Let’s Talk About Obesity And… the language we use as researchers

Lead Research Associate – Physical Activity, Research and Implementation
Leicester General Hospital

Let’s Talk About Obesity And… the language we use as researchers

This World Obesity Day, Dr. Louisa Herring is highlighting the important role of researchers in shaping conversations around obesity and eliminating weight-based stigma and discrimination, with a special focus on the 24-hour physical behaviours.

Obesity is a complex condition. By increasing the understanding of the multiple contributing factors of obesity (genetic, environmental, economic, psychological, sociocultural), researchers can reduce the misconception that obesity results solely from lifestyle and food choices. The importance of person-first language and the inclusion of people with lived experience throughout all stages of the research lifecycle is a necessity.

Why Research Responsibility Matters

Researchers have the opportunity to play a fundamental role in framing discussions and addressing obesity related stigma, through advocacy, increasing awareness, and influencing policies and public perceptions. It is crucial that we recognise the impact of language, messaging, and the overall narrative on individuals living with obesity and society as a whole.

A Collaborative Approach

An emphasis on fostering a collaborative approach, whether it be the development of research or simply spreading the word, is essential. When developing obesity-related research and materials, researchers should aim to use a collaborative approach to enable more inclusive and effective solutions. Including people with lived experience enhances understanding and empathy, promotes inclusivity, unites diverse perspectives and breaks down stigma and stereotypes. This is even more important in physical activity research because of the barriers people living with obesity often report when becoming more physically active. These include physical discomfort/ pain, weight-related stigma or embarrassment, varying ability levels/ knowledge, low motivation and other associated co-morbidities.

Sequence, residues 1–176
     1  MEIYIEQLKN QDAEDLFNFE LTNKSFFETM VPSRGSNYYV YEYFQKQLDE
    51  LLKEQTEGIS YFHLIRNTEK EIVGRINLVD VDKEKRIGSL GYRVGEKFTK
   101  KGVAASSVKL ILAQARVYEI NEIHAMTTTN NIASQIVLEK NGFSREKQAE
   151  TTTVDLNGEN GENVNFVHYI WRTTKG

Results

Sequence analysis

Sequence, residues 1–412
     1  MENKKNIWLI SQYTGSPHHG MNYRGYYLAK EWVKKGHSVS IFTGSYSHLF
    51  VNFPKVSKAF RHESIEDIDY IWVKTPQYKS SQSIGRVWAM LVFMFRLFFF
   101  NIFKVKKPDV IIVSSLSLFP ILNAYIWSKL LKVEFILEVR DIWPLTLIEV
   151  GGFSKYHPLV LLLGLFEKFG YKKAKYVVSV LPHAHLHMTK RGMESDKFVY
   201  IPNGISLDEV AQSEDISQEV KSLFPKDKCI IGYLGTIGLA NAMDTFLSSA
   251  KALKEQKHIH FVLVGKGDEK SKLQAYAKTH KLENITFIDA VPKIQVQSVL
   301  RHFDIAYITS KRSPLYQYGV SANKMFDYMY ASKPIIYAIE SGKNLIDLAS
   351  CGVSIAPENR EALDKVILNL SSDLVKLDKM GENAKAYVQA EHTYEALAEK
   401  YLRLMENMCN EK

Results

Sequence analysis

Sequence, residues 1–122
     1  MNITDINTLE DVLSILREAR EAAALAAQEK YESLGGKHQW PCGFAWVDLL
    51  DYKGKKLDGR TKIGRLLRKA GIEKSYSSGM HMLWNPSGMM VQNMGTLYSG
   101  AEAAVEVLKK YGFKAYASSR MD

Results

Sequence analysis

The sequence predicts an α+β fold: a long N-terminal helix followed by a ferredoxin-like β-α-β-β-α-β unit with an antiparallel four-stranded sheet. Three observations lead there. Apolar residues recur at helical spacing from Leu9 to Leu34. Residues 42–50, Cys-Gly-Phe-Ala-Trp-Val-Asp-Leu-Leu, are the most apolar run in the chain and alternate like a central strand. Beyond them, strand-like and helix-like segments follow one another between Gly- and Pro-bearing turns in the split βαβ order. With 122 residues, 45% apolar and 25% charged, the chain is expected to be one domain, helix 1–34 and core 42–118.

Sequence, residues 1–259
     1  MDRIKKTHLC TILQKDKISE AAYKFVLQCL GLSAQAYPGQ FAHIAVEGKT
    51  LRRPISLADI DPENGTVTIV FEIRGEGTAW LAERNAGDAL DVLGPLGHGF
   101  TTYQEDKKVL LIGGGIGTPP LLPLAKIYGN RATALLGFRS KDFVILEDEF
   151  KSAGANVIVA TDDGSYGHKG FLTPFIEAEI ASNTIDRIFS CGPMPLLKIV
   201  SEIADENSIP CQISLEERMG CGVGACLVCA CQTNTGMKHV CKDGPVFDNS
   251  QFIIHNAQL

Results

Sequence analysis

The role of physical activity and the 24-hour physical behaviour research

Our 24-hour day comprises a sequence of movement behaviours ranging from limited or no movement all the way to high-intensity activities. Recent international guidelines developed by the Leicester Lifestyle Health Research Group at the Leicester Diabetes Centre have called these movement behaviours the five S’s: sleep, sitting, stepping, sweating and strengthening. These behaviours are all intrinsically linked, are key components of a healthy

lifestyle, and how we communicate their importance matters. As researchers we should be emphasising the multiple health benefits of becoming more active whilst optimising sleep and sitting time. Promoting these 24-hr movement behaviours will bring overall physical and psychological well-being to a focus rather than weight management specifically. Considering physical behaviours over the 24-hour day offers a broader spectrum of interventional opportunities to induce overall health benefits and is an important approach to overcoming physical activity related barriers and building confidence. Small regular changes to our activities throughout the 24-hour day, even while we sleep, can make a huge impact on our long-term health. A person-centred approach to support people living with obesity is important; individual preferences, motivations and circumstances should inform choice.

Using inclusive language and images

Words and imagery matter. Using language to empower and inspire, avoiding stigmatising terms and stereotypes that perpetuate harmful narratives is a goal. Person-first language and the avoidance of dehumanising people is vital, avoiding imagery using only bodies, ill-fitting clothes or fast food references. ‘Obese’ should never be used to describe a person or group, instead using ‘people with obesity’ and ‘populations living with obesity’. In this rapidly advancing research area, the correct terminology is essential to change the way obesity is addressed in society.

This World Obesity Day, let us take action together and lead by example. As researchers we can commit to sharing obesity knowledge responsibly, advocating for evidence-based solutions, facilitating a collaborative approach and leading by example through words and actions.


Louisa Herring




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